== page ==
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4.2.2 A head for business

Several dozen companies are working on extensions to Internet protocols to provide these types of security features (see Section 4.1). One of the first firms to announce such an effort was Silicon Valley's Enterprise Integration Technologies (EIT). EIT is working to provide Internet tools that will allow retail firms and shoppers to conduct business online as well as let businesses handle online transactions with their suppliers.

One of EIT's endeavors is support of CommerceNet, a consortium of California's Silicon Valley companies. The purpose of CommerceNet is to develop Internet technologies that will secure commercial interaction among firms in the Valley. A specific focus is to help foster their use of the Internet for commerce among these firms and customers across the globe.

Marty Tenenbaum, EIT's president, offered an example of an individual customer who wants to buy a personal computer from a retailer in the Valley. The customer would scan the company's online catalog using a secure version of a World-Wide Web browser such as Mosaic; no special security features would be required while the customer was browsing the catalog. Should the customer decide to order a machine, he or she would fill out a form with the desired options for the PC and submit the purchase order to the Web server at the retailer.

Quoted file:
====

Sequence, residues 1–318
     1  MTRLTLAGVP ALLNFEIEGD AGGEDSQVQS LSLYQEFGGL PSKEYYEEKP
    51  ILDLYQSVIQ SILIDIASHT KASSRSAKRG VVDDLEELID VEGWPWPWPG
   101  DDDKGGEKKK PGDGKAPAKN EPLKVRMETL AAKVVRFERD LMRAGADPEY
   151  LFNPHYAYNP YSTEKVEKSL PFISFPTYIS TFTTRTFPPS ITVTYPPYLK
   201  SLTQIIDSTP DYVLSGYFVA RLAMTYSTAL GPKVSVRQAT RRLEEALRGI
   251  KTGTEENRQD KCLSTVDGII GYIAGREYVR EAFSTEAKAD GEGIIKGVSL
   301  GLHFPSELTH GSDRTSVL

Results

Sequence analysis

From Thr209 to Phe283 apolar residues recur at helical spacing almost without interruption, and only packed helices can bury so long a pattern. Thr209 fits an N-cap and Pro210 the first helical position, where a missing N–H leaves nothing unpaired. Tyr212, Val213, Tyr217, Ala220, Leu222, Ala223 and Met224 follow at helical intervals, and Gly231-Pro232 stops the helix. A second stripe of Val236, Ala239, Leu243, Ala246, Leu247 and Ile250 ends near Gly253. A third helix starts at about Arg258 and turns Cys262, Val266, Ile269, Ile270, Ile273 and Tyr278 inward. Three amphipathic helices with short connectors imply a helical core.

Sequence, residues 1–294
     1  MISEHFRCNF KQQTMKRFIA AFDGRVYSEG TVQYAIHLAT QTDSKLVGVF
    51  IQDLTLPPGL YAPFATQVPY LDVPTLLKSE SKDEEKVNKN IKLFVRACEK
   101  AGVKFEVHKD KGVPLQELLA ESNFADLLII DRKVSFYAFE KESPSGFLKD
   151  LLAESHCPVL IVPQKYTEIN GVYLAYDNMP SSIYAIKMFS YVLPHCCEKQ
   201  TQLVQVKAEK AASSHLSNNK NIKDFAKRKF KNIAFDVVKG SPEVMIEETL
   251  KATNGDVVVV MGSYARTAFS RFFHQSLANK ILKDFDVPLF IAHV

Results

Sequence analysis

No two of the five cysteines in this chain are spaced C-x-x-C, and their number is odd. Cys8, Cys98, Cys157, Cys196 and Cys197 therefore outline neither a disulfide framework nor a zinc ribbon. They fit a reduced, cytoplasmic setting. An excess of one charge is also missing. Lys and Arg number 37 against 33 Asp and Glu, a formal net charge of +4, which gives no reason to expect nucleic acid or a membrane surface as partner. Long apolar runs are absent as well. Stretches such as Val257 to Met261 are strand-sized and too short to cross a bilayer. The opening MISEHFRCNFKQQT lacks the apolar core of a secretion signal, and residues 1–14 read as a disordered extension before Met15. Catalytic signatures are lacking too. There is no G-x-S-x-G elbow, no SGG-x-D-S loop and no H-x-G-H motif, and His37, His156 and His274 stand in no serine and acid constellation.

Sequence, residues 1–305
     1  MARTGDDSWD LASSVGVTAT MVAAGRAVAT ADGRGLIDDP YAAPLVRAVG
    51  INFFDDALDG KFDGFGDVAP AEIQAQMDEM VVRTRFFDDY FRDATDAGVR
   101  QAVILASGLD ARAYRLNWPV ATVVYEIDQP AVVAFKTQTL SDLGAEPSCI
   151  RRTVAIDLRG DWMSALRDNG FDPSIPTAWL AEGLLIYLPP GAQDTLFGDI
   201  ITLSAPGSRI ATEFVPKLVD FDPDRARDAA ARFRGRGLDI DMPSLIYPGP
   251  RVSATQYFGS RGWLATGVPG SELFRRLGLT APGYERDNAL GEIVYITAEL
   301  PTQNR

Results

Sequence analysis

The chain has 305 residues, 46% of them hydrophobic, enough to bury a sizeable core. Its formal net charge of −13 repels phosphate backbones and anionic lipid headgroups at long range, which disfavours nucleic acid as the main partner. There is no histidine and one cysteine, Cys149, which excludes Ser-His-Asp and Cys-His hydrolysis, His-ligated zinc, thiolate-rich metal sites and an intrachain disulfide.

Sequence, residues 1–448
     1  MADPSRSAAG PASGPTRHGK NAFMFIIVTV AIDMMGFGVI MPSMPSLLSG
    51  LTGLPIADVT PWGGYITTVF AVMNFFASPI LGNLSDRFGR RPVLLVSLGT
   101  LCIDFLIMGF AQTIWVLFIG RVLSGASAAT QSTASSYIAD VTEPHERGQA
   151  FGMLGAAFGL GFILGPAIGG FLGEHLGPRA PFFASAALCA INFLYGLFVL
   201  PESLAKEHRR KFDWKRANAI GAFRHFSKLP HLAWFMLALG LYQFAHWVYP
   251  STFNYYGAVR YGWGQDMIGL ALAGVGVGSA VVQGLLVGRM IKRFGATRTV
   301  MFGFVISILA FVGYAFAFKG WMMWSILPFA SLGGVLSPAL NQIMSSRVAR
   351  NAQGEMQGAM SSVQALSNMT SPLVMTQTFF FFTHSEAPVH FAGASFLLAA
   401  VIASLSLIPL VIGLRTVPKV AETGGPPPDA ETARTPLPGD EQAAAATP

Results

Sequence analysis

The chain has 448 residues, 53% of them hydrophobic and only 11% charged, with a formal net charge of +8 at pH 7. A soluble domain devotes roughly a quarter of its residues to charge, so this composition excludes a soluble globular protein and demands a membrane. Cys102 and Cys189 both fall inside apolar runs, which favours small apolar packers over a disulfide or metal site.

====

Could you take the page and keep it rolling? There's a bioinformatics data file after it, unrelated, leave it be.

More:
This is where security features become important. Although many consumers have sent credit-card numbers over the Internet via e-mail and World-Wide Web forms, those who are knowledgeable about Internet security are concerned about the information being intercepted, either on local networks or on any of the intervening networks between the consumer's desktop and the vendor's site. Tenenbaum's vision calls for a secure Mosaic, which would use public-key cryptography to encrypt the consumer's order to keep sensitive credit-card information safe from prying eyes.


next up previous
Next: 4.2.3 The safe sell Up: 4.2 A Tool to Previous: 4.2.1 Introduction
Denis Arnaud
12/19/1997